Sharia Banking Terms
Ar-Rahnu is to pledge goods with the property value (economic value) as security for an indebtedness, this way the owner of the goods can incur debts. Ar-Rahnu also means pledge or pawn, which is a contract (akad) of guarantee and binding when the right of possession of goods as security is transferred. Under the contract, there is no transfer of ownership of the collateral. Or in other words, it is a contract for delivery of goods from a customer to a banks as security of an indebtedness, in whole or in part, held by a customer. Accordingly, the transfer of ownership of goods only occurs in the circumstances arising or resulting from the contract.
Hawalah is a contract of transfer of a debt from a customer to a bank to help the customer to acquire cash capital in order to continue his/her production and the bank will receive something of value in return for serving the transfer of a claim of a debt.
Ijarah is a lease agreement that allows a lessee to use the leased goods in return for rent as agreed upon, and upon expiration of the lease term, the goods are returned to the owner, but the lessee may also own the leased goods with option of transferring the ownership of the leased goods from the bank by another party (ijarah wa iqtina).
Istishna’a is trade financing made between a bank and a customer where the seller (bank) manufactures the goods ordered by the customer. To meet the customer’s order, the bank can subcontract their work to other party.
Kafalah is a guarantee issued by the bank under a contract to the customer to guarantee projects and to fulfill a certain obligation by the guaranteed party.
Mudharabah is a partnership between two parties in which the capital owner (shahibul maal) provides capital whereas the entrepreneur (mudarib) becomes the fund manager, and the parties share the profits and losses as agreed in advance.
Mudharabah al-Mutlaqah is a partnership between two parties in which the capital owner (shahibul maal) provides capital and fully authorizes the entrepreneur (mudarib) to determine the type and place of investment, and the parties share the profits and losses as agreed in advance.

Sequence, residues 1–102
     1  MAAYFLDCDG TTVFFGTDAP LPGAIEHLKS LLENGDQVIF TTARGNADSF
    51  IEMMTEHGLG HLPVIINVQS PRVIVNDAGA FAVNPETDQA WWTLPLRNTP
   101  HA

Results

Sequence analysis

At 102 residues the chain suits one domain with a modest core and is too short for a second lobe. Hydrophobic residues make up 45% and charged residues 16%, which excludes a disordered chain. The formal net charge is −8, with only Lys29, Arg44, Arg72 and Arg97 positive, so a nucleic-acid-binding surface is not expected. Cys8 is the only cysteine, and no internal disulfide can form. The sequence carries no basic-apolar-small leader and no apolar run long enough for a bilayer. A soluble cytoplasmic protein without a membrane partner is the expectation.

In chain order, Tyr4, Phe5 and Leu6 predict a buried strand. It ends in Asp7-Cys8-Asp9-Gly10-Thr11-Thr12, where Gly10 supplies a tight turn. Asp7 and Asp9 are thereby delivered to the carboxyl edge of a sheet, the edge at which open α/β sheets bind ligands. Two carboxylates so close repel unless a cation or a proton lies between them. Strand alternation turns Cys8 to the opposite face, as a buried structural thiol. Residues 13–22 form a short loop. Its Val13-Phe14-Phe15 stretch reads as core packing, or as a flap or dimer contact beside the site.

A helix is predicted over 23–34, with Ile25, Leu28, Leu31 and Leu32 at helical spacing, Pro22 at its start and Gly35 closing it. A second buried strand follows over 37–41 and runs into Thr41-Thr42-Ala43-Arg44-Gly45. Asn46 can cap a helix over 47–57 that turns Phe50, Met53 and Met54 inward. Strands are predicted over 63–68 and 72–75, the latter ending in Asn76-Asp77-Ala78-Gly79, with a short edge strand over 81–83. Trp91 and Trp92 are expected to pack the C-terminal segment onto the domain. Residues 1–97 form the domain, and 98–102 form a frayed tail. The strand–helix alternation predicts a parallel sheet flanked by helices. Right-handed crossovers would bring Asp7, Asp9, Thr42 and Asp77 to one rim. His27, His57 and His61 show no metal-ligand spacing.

Mudharabah Muqayyadah is a partnership between two parties in which the capital owner (shahibul maal) provides capital and authorizes the entrepreneur (mudarib) on a limited basis to determine the type and place of investment, and the parties share the profits and losses as agreed in advance.
Mudharib is a second party or other party other than a first party.
Murabahah is an agreement between a Sharia Bank and a customer under which the Bank provides financing for the purchase of raw materials or other working capital as needed by the customer who will repay at the bank’s selling price (bank’s purchase price + profit margin) at the specified time.
Musyarakah is a financing agreement between a Sharia Bank and a customer who needs financing, under which the Bank and the customers jointly finance a business activity or projects which are also managed jointly within the principle of profit sharing according to the contribution, and both parties share the profits and losses as agreed in advance.
Nisbah (Ratio) is profit sharing of each party, whose amount is determined by agreement.
Salam is trade financing in which the buyer pays the money in advance for specific goods purchased and delivered at a specified time in the future.
Shahibul Maal is a first party.
Wadiah (Safekeeping) is a deposit from one party to another both individuals and groups that must be kept in safe custody and returned at any time when the owner so requires.
Wadiah Yad adh-Dhamanah
Wadiah Yad adh-Dhamanah is wadiah (safekeeping) in which the depository may use the deposits with the permission of the owner, and guarantees to return the deposits in full at any time when the owner so requires.
Wadiah Yad al-Amanah
Wadiah Yad al-Amanah is wadiah (safekeeping) in which the depository is not responsible for any loss and damage to the deposits as long as they do not result from negligence or carelessness of the depository in maintaining the deposits.
Wakalah is an agency contract between two parties (a bank and a customer) under which the customer authorizes the bank to represent him-herself to perform a specific task or service.